But more to the point: even if they did belong to someone else, I have no idea who it was, or what they might have done with them, or why they might have parted with them. If they are a museum of the past, they are a museum without identifying labels or captions or explanations. There is no guidebook. They evoke an absence, a memory wiped out. As ephemera, cheap souvenirs easily bought and just as easily discarded, they have come to me from somewhere forgotten and thus become, somehow, a kind of powerful marker of forgetting, a reminder of what is not remembered, what might not even be particularly memorable, The evoke what they do not and cannot in fact speak of–the absence of memory.
Nor does my “museum” try to place them in their ‘natural’ homes, whatever those were. For I don’t in fact know what those homes were. My museum is the set of shelves I’ve placed them on in my study (as can be seen in the second post on this blog), where they sit en masse and unlabeled, more or less indiscriminately grouped together They have a new context in my museum–they are there, not primarily as dispensers of salt and pepper, not even as aides-memoires that those of them bought as souvenirs of particular times and places were or as the signs of affection or duty that those of them that have been gifts were. They are now primarily representatives of binary opposites and racial stereotypes and gender roles and such. They are, above all, each set of them, just individual components of a collection–another, different set of salt and pepper shakers, another representative of the nature of that peculiar miniverse.
Which brings me back to that set of Casa Loma shakers.
What most interests me about them in the context of “the power of demotic objects to tell grand narratives” is how little access I have to any narrative they might once have told to the right audience, grand or not. Who once bought this set? I don’t know. When and where did they buy it? I don’t know. And above all, why did they buy it? I don’t know.
I actually can’t even begin to figure out why. It’s identified, literally identified, as a “souvenir of Casa Loma, Canada.” It’s interesting that it actually says that–that it was made exclusively for the purpose of being a souvenir, and that its self-identification as such presumably led it to be available in a place where someone might be seeking such a souvenir. But what I don’t get is how, other than its telling us so, it could actually be a souvenir of Casa Loma. It has nothing to do with Casa Loma in any other way I can think of. What do two folksy-looking wooden lampposts with pictures of roosters on them have to do with Casa Loma, a noble pile of a mansion built to house a late Victorian Toronto millionaire:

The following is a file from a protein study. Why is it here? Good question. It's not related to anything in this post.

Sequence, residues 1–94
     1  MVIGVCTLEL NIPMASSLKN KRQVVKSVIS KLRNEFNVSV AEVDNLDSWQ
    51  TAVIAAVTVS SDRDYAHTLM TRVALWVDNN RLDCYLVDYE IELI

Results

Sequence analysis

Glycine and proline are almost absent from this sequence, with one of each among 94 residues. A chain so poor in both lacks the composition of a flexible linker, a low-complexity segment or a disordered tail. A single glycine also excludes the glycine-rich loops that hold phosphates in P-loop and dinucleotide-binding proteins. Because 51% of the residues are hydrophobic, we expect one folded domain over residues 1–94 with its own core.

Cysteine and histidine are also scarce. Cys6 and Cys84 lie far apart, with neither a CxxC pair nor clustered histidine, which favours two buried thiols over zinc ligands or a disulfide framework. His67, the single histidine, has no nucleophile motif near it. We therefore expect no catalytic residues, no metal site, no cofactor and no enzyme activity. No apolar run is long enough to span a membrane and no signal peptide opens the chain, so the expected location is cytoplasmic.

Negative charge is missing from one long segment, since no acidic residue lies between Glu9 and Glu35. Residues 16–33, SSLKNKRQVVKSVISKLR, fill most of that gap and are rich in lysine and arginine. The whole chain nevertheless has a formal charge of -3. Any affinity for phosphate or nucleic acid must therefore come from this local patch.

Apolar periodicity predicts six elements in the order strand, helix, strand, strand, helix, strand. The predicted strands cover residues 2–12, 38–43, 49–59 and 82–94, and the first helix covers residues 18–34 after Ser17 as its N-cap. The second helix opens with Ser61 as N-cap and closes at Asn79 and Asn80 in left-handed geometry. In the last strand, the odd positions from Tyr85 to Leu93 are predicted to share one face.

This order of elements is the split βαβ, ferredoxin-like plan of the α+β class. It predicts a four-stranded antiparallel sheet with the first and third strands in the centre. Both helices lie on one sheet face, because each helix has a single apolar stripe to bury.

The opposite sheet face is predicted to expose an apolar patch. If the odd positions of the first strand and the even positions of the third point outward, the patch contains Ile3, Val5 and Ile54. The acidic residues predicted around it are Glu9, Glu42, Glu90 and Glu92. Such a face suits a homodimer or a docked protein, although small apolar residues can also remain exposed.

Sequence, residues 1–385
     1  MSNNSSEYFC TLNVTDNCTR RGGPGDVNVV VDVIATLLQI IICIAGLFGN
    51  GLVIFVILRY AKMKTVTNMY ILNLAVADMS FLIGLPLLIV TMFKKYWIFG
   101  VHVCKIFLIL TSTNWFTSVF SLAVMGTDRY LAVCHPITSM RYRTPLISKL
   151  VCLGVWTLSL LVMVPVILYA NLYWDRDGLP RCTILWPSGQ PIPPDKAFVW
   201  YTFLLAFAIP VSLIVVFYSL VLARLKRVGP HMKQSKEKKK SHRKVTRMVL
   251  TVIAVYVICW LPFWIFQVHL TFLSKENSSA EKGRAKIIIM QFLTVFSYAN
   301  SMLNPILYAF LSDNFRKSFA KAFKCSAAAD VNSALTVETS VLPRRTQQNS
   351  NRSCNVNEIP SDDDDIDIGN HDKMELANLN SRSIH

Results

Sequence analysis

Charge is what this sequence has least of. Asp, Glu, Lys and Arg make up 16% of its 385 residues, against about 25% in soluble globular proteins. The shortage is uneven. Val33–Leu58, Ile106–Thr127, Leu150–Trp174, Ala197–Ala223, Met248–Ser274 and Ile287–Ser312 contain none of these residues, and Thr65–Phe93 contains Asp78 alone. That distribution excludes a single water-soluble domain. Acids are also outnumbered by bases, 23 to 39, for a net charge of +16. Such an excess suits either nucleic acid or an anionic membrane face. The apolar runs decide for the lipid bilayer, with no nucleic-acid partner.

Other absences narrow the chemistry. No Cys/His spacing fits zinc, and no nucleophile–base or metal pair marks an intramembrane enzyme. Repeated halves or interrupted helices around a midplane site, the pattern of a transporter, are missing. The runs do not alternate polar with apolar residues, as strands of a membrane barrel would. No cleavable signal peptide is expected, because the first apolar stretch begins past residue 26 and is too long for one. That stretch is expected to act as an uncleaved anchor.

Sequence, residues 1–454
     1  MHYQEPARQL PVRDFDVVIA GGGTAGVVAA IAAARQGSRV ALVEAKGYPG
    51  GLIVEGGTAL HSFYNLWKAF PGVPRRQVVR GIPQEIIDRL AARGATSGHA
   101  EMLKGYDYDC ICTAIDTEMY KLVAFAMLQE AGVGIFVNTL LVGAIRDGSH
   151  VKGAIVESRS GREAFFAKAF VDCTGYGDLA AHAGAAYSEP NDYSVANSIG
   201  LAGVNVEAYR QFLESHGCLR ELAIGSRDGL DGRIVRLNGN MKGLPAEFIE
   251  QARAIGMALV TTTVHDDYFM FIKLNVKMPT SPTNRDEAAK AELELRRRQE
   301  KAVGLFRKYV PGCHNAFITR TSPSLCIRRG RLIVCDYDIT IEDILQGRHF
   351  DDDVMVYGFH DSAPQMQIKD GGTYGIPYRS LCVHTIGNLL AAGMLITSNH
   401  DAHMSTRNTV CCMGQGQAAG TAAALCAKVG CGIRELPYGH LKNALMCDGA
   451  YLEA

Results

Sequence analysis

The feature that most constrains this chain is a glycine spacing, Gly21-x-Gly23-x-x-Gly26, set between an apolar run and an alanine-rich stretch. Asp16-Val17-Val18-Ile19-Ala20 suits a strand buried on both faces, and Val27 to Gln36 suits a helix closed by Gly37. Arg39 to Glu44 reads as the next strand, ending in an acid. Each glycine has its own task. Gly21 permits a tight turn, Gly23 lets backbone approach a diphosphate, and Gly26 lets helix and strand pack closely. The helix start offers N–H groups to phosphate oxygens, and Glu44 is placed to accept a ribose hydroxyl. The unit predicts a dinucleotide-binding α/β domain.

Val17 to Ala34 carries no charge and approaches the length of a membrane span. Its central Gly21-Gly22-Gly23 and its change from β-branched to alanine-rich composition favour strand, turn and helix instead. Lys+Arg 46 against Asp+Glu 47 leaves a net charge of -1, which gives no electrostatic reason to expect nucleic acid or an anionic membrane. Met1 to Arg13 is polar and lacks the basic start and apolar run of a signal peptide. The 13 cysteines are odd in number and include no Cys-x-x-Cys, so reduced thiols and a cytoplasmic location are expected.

There are no similar lanterns at Casa Loma that I’m aware of . And there are surely no roosters there either. So what’s the connection?
I found the answer to that question while looking for evidence of distinctive lanterns at Casa Loma online. While I didn’t find any, I did find this salt and pepper shaker set:
Yes, it’s more or less the same set of lampposts, and with the same roosters. Only this time, it’s a souvenir, not of Casa Loma, but of an entirely different place: Riviėre de Loup, a town in the province of Quebec. So the set is apparently, a generic souvenir–once purchasable as a souvenir of a variety of places that it represents or evokes only because it says so, not because of any actual connection between what it represents and the place it stands for. If my Casa Loma set once evoked a memory of a visit to a previous purchaser of it, it was not, then, because lampposts and roosters ever had anything to do with Casa Loma. Kt’s because that was the place where the lampposts were purchased. The imagery, the thing represented is meaningless–the word “souvenir” imprinted on the lampposts tells it all. If my salt-and-pepper shaker sets don’t evoke their specific past for me, it might be exactly because, as in this case here, they actually don;t even try to evoke anything of significance about the places and occasions they claim to be representing at all.
With thanks to Jerry Griswold for the connection to de Waal and Pamuk.